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A Woman Seated beside a Vase of Flowers (Madame Paul Valpinçon), 1865

 
 
 
 
 
Details     Description
   
Artist EDGAR DEGAS

Even in so traditional a format as portraiture, Degas departed from convention and painted his subjects in informal poses. The woman depicted here, with her hand raised to her mouth and her gaze directed out of the picture, is seen in a private, unguarded moment of thought, typical of Degas's portraits. Carefully drawn, with an exquisitely modeled face, she is seated next to a table on which rests a large bouquet of flowers. The blossoms, which occupy the central portion of the canvas, are brighter in color and more freely executed than the woman, and they vie with her for our attention.

The novelty of the composition has prompted many writers to suggest that the seated woman was an afterthought. Although there remains some doubt, she is probably the wife of Degas's schoolboy friend Paul Valpincon. Degas immensely enjoyed his visits to their country house, Menil-Hubert, and given the presence of dahlias, asters, and gaillardias in the bouquet, it is likely that this work was painted there in August or September 1865. It was preceded by an exquisite pencil drawing of the sitter, also dated 1865. Far from representing an afterthought, her presence in the composition was deliberate and intentionally provocative. As Degas himself once said, "I assure you that no art was ever less spontaneous than mine. What I do is the result of reflection and study of the great masters; of inspiration, spontaneity, temperament."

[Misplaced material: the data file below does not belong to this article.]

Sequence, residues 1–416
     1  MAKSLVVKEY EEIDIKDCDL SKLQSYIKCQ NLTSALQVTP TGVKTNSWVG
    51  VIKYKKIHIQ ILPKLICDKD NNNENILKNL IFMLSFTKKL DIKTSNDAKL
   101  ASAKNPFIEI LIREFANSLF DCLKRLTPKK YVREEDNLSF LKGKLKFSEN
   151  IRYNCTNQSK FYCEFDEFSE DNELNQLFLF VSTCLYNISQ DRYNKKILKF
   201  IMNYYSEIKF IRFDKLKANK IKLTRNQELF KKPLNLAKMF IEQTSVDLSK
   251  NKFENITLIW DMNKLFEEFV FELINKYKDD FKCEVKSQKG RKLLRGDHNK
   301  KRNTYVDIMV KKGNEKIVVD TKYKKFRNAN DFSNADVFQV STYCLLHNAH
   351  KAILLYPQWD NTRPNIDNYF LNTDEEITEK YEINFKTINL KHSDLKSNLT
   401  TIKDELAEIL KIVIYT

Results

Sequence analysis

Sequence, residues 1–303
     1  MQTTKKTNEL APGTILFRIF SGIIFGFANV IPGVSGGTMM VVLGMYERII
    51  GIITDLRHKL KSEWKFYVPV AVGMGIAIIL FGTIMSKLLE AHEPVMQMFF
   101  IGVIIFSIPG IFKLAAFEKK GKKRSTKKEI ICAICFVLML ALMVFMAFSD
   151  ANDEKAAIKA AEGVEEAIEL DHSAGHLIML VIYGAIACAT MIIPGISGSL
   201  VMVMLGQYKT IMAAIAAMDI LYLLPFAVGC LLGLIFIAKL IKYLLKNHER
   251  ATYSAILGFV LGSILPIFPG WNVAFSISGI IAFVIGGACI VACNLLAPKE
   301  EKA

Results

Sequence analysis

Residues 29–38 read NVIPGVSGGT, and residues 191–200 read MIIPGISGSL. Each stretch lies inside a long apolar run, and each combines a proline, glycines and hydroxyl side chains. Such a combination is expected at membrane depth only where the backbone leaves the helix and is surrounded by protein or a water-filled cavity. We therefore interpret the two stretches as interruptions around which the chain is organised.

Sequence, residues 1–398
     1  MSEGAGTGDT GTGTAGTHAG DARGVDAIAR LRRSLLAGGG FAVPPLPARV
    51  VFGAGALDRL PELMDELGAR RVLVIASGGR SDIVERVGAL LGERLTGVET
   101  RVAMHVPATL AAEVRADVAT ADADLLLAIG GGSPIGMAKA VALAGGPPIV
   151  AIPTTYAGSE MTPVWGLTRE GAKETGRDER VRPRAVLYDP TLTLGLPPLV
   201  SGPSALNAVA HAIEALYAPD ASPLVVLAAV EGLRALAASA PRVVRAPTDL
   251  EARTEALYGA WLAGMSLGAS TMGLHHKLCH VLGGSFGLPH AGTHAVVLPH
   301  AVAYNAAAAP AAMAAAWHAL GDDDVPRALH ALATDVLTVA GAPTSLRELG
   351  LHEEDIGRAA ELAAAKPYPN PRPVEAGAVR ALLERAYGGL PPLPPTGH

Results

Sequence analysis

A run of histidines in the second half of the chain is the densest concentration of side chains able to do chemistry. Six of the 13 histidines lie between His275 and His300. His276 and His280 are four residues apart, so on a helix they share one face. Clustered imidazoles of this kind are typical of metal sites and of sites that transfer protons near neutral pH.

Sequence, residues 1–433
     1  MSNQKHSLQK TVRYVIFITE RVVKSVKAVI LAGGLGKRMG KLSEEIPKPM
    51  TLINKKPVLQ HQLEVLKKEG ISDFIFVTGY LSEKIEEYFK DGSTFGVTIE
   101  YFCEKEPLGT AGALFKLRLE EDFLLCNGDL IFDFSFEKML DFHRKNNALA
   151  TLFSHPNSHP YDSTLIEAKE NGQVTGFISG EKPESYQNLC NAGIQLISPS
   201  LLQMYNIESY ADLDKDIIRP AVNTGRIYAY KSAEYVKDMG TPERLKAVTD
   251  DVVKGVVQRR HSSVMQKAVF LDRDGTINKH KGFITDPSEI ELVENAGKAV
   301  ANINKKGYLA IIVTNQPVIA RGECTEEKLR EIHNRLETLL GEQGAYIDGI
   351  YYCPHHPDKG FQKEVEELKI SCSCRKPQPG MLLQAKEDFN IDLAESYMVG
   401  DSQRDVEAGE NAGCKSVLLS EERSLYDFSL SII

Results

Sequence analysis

Signed and dated (lower left): Degas / 1865 (partly legible]; 1865 / Degas H. O.

Havemeyer Collection, Bequest of Mrs. H. O. Havemeyer, 1929 (29.100.128)

 
Date

1865

 
Institution The Metropolitan Museum of Art
   
Medium

Oil on canvas

 
Dimensions 73.7 x 92.7 cm
 
 
 
 
 
 
 
 
 
 
 
 
 
 
 
 
 

 

 

 

 

 

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